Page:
Laursen, Alex Lund8, Østergaard, Lars Jørgen8, Wejse, Christian9, Erikstrup, Christian7
1 Department of Clinical Medicine - Department of Clinical Immunology, Department of Clinical Medicine, Health, Aarhus University2 Department of Clinical Medicine - Department of Infectious Diseases, Department of Clinical Medicine, Health, Aarhus University3 Department of Public Health, Health, Aarhus University4 The Department of Infectious Diseases, Faculty of Health Sciences, Aarhus University, Aarhus University5 Department of Public Health - Department of Health Services Research, Department of Public Health, Health, Aarhus University6 unknown7 Department of Clinical Medicine - Department of Clinical Immunology, Department of Clinical Medicine, Health, Aarhus University8 Department of Clinical Medicine - Department of Infectious Diseases, Department of Clinical Medicine, Health, Aarhus University9 Department of Public Health - Department of Health Services Research, Department of Public Health, Health, Aarhus University
OBJECTIVE: We describe the association between age at antiretroviral therapy (ART) initiation and 24-month CD4 cell response in West African HIV-infected children. METHODS: All HIV-infected children from the IeDEA paediatric West African cohort, initiating ART, with at least two CD4 cell count measurements, including one at ART initiation (baseline) were included. CD4 cell gain on ART was estimated using a multivariable linear mixed model adjusted for baseline variables: age, CD4 cell count, sex, first-line ART regimen. Kaplan-Meier survival curves and a Cox proportional hazards regression model compared immune recovery for age within 24 months post-ART. RESULTS: Of the 4808 children initiated on ART, 3014 were enrolled at a median age of 5.6 years; 61.2% were immunodeficient. After 12 months, children at least 4 years at baseline had significantly lower CD4 cell gains compared with children less than 2 years, the reference group (P<0.001). However, by 24 months, we observed higher CD4 cell gain in children who initiated ART between 3 and 4 years compared with those less than 2 years (P<0.001). The 24-month CD4 cell gain was also strongest in immunodeficient children at baseline. Among these children, 75% reached immune recovery: 12-month rates were significantly highest in all those aged 2-5 years at ART initiation compared with those less than 2 years. Beyond 12 months on ART, immune recovery was significantly lower in children initiated more than 5 years (adjusted hazard ratio: 0.69, 95% confidence interval: 0.56-0.86). CONCLUSION: These results suggest that both the initiation of ART at the earliest age less than 5 years and before any severe immunodeficiency is needed for improving 24-month immune recovery on ART.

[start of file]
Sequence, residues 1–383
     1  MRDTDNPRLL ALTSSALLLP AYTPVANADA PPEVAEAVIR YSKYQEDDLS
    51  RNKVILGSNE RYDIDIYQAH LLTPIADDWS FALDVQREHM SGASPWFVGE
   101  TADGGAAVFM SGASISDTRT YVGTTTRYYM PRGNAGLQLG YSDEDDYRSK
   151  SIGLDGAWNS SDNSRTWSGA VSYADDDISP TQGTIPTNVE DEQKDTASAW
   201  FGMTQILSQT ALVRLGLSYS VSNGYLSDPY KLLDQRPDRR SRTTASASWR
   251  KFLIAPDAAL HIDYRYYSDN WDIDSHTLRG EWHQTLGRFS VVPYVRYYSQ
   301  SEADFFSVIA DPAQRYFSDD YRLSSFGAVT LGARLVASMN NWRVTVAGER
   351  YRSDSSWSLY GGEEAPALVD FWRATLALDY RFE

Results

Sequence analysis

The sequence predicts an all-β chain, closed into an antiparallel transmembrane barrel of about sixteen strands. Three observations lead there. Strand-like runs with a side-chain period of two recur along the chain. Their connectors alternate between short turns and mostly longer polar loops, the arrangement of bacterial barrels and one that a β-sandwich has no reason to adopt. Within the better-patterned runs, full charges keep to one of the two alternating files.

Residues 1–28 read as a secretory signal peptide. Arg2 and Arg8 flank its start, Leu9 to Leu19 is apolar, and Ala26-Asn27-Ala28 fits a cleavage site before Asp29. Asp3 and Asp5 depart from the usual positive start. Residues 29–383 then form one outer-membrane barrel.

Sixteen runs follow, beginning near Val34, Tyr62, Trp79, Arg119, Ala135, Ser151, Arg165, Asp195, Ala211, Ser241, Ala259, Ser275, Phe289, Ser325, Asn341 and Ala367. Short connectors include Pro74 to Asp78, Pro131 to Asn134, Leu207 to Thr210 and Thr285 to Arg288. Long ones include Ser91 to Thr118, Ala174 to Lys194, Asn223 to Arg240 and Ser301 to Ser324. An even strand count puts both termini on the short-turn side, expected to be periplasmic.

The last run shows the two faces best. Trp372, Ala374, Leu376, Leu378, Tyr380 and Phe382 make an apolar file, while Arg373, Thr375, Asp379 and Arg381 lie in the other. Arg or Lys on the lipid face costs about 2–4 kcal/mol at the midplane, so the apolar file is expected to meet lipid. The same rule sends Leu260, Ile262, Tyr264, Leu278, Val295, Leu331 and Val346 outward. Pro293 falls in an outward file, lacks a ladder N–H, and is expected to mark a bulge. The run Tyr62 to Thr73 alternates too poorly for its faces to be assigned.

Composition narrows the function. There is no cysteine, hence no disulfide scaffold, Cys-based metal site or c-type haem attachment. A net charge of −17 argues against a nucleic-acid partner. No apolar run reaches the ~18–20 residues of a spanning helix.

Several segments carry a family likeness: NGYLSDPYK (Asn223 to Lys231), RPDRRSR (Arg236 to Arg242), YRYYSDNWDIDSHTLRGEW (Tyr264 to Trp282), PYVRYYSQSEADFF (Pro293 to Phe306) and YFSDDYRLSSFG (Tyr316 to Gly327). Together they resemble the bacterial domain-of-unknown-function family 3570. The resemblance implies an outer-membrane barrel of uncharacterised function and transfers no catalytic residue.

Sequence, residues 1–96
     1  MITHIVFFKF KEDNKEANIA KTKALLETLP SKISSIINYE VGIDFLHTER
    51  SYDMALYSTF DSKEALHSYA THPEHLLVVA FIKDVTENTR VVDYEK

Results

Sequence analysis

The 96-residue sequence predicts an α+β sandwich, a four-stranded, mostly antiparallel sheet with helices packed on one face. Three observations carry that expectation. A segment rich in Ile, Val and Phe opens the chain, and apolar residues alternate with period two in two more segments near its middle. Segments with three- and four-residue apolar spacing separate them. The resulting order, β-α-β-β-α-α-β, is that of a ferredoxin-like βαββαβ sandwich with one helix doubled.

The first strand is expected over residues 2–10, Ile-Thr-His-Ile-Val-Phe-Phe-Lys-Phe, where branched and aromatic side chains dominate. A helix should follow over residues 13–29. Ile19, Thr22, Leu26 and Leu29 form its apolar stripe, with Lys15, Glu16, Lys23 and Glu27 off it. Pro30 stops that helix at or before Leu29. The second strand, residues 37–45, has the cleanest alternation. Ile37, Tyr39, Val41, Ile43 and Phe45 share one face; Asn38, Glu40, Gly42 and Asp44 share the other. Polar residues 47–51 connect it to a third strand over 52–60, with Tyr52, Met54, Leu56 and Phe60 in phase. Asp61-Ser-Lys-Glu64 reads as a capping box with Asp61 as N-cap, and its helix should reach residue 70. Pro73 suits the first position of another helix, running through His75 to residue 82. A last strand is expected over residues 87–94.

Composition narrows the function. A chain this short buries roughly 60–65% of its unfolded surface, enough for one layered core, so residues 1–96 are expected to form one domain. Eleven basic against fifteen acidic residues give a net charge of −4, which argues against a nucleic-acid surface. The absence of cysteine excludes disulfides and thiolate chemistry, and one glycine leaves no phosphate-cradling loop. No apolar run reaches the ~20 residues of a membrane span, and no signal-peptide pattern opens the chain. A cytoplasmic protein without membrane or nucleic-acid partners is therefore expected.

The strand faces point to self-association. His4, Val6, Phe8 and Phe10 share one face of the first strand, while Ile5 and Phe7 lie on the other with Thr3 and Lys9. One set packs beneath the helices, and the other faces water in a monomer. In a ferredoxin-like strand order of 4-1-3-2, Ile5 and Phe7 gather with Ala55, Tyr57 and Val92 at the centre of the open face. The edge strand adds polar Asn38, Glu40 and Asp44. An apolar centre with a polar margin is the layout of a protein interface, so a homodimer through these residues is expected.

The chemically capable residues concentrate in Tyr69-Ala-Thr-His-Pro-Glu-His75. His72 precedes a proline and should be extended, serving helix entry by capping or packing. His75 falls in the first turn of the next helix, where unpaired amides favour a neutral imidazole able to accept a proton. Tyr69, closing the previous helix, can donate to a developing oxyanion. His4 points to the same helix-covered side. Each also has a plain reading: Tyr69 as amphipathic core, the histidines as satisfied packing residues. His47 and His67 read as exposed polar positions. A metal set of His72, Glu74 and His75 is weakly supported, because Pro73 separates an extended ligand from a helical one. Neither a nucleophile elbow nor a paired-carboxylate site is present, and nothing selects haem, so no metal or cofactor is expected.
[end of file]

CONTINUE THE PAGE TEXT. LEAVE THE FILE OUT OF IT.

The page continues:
Aids, 2014, Vol 28, Issue 11, p. 1645-55
Africa, Western; Age Factors; Anti-Retroviral Agents; CD4 Lymphocyte Count; CD4-Positive T-Lymphocytes; Child; Child, Preschool; Female; HIV Infections; Humans; Infant; Male; Sex Factors; Treatment Outcome